My Christmas Message sparked a small flame war with an accusation (probably tongue in check) that those who q uery doom and gloom scenarios are damaging bids for information security budgets and research projects by introducing a dose of reality. I then spent a couple of hours of on-line research (alias semi-random browsing) beginning with Alex Muffett’s blog entry on “Londoncyber: our very own Star Trek Conference“ and his presentation “Why Cybersecurity is Rubbish” and ending with “Pirates of the ISPs: tactics for turning on-line crooks into international pariahs“.
I then enjoyed a discussion on how much of the growing jungle of regulation to supposedly “reduce” the risk of fraud and compromise is not only worthless, but serves to actively increase it. The first example was all those “know you customer” routines which require you to carry that which a mugger can sell to those who will use it to obtain electronic credentials in your name. Copies are then stored with sometimes spectacular insecurity.
The second example was the growing requirement by government agencies (often with seriously inadequate security) toprovide certified copies of original source documents (which can be used to thensteal land or property) via insecure communications channels.
Then there areall the requirements to retain data that is no longer required for business purposes”in case a law enforcement agency or regulator might want access”.Finally came the requirements for airline passenger data (includingdietary requirements) to be retained and passed to the US to be made available to a multiitude of agencies via contractors whosesecurity certificates have been compromised.
Removing the need to “prove” your identity whenit is irrelevant to the transaction and scrapping the need to retain data thatis no longer needed for business purposes is a very much cheaper way of improvingcustomer protection than adding more layers of complexity on top of irrelevantregulation. Value-added fasttracks for frequent flier programmes and low risk passengers improveoverall customer satisfaction and security at the same time – even if thosewho insist on wearing a Niqab or Burka might have to travel via ports and airportswhich have body scanners manned by female staff.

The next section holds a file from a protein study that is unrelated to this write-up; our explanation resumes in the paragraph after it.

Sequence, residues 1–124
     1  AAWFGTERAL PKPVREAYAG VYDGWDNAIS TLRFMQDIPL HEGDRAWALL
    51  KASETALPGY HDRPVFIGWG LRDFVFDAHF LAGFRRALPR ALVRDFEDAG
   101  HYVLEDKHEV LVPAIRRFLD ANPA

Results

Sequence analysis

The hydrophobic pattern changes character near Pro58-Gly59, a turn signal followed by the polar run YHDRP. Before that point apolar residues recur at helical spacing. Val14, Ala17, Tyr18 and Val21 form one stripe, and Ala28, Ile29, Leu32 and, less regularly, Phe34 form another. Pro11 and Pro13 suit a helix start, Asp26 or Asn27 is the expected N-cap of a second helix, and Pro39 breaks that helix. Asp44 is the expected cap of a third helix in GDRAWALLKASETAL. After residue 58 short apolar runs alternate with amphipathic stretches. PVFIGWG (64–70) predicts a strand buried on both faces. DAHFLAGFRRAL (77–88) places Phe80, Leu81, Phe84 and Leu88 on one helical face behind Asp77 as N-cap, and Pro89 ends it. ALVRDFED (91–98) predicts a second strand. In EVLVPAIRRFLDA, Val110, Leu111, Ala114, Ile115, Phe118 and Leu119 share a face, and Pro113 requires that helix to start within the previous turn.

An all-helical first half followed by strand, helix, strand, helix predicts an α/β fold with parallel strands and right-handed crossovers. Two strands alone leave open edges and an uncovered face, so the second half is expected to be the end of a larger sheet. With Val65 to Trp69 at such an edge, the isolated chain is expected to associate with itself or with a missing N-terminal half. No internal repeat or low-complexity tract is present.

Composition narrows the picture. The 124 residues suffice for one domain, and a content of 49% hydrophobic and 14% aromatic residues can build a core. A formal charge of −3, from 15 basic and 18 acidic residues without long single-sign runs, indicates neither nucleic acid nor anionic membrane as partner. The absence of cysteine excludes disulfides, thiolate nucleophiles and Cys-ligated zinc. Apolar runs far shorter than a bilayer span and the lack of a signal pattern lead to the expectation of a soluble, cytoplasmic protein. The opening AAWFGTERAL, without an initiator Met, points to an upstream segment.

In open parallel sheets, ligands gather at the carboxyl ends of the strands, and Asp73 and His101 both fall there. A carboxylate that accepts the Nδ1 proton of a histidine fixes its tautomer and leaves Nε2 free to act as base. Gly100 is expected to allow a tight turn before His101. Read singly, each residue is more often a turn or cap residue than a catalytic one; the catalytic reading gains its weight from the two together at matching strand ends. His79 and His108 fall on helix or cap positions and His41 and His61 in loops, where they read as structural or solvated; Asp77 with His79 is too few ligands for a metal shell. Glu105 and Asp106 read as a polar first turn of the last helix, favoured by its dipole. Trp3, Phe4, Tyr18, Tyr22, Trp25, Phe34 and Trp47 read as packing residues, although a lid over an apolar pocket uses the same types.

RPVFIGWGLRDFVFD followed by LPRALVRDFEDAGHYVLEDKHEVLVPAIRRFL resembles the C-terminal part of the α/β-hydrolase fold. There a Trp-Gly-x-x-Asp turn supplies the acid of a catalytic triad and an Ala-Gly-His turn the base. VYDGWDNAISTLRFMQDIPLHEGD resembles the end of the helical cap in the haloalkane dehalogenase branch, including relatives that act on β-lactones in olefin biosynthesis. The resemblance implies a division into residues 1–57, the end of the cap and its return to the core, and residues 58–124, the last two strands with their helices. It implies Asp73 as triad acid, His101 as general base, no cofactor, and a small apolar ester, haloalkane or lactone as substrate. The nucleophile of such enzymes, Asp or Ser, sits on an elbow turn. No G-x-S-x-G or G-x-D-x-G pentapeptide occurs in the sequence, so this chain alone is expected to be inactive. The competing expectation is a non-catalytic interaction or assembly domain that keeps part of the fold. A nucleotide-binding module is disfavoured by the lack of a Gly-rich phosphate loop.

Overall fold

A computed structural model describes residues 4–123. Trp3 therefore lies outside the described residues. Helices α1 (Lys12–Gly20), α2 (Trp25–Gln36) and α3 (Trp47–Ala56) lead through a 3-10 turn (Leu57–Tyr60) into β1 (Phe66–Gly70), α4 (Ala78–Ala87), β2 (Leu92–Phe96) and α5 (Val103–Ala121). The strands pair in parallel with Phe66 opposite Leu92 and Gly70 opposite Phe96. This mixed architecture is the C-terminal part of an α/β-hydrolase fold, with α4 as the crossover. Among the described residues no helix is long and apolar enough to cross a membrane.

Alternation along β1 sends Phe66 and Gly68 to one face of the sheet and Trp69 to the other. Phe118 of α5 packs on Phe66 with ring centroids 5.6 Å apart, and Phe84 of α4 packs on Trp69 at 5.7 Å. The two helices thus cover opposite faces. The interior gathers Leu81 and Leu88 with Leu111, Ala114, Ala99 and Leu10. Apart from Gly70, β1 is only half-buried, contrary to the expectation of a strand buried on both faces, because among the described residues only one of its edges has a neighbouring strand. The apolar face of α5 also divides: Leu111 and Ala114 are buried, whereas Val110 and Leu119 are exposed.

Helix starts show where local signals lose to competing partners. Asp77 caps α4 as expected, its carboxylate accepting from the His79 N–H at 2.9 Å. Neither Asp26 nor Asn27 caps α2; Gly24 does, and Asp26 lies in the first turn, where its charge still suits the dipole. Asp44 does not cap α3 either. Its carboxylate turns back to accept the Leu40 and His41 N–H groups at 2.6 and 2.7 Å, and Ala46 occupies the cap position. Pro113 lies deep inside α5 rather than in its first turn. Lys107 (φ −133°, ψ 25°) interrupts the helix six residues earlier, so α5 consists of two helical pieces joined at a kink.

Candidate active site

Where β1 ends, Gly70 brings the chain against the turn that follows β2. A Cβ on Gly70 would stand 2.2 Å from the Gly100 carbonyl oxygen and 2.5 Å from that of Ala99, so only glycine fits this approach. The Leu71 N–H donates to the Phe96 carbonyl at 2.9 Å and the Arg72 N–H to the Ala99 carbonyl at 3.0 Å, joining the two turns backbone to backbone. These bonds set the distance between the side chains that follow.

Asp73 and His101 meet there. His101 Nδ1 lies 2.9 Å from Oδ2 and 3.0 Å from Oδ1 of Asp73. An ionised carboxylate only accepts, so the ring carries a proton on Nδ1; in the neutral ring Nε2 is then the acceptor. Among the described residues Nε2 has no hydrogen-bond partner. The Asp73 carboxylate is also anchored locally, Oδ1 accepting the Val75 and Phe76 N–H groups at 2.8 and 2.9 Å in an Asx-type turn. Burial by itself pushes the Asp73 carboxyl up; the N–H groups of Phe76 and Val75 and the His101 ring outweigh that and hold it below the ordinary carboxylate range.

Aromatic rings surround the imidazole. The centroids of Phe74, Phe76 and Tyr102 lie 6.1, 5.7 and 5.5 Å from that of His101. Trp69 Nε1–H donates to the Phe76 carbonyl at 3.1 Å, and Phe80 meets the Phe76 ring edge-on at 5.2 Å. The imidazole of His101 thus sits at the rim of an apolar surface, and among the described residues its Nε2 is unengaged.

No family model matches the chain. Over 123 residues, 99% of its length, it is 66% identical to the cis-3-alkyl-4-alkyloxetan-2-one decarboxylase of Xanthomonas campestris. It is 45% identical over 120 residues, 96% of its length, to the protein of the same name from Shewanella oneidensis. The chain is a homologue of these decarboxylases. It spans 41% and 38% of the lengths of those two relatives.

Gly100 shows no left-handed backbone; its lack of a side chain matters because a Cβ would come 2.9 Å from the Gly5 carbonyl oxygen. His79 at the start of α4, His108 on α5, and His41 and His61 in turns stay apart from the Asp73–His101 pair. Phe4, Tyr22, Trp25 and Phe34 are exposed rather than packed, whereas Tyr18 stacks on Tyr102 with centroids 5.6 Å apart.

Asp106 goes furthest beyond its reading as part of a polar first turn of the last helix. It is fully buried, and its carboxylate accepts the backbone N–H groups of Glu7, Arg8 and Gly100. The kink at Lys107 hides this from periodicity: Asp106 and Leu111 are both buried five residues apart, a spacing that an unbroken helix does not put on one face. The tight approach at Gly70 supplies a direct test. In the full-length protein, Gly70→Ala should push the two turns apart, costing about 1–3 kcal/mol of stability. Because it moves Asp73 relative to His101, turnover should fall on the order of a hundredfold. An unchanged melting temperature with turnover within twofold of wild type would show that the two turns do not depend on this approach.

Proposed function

We need to join up the action plans in the CybersecurityStrategy with those in the Fighting Fraud Together Programme of Activity and bring both alongsidethe plans of global private sector players to better protect themselves and their customers.
Actions 11 and 12 in the Fighting Fraud Together programmeof activity are: “Strengthen systems and controls to limit the risk ofGovernment issued identity documents being exploited for criminal purposes …” and “Strengthenassurance processes for main government documents used to establish ID and facilitateonline identity verification checks against government databases to supportonline services delivery”
In that context we need to take a cool look at the “Costto Trust” and “Cost to Risk” ratios implied by current Government regulatoryand identity requirements and at the “Trust” and “Identity” regimes beingproposed by Cabinet Office. We need to compare these with the dozens of existingprivate sector services that are already in use around the world to authenticate contracts andauthorise financial transactions from micropayments to millions.The obvious difference is that the latter are based on routines for managing cost, responsibility and liability according to the nature and scale of risk. Where does that leave those whose business models are based on liabiity avoidance?
In that context I am delighted to note the report in the Guardian that DWP haswithdrawn its identity services tender pending the outcome of the peer reviewof the Cabinet Office identity framework strategy. It would be morally unforgivable (as well aspolitically disastrous) if the most vulnerable in society were to be urged togo on line, only for their identities to be systemically compromised and their benefits stolen during the run-up tothe next election.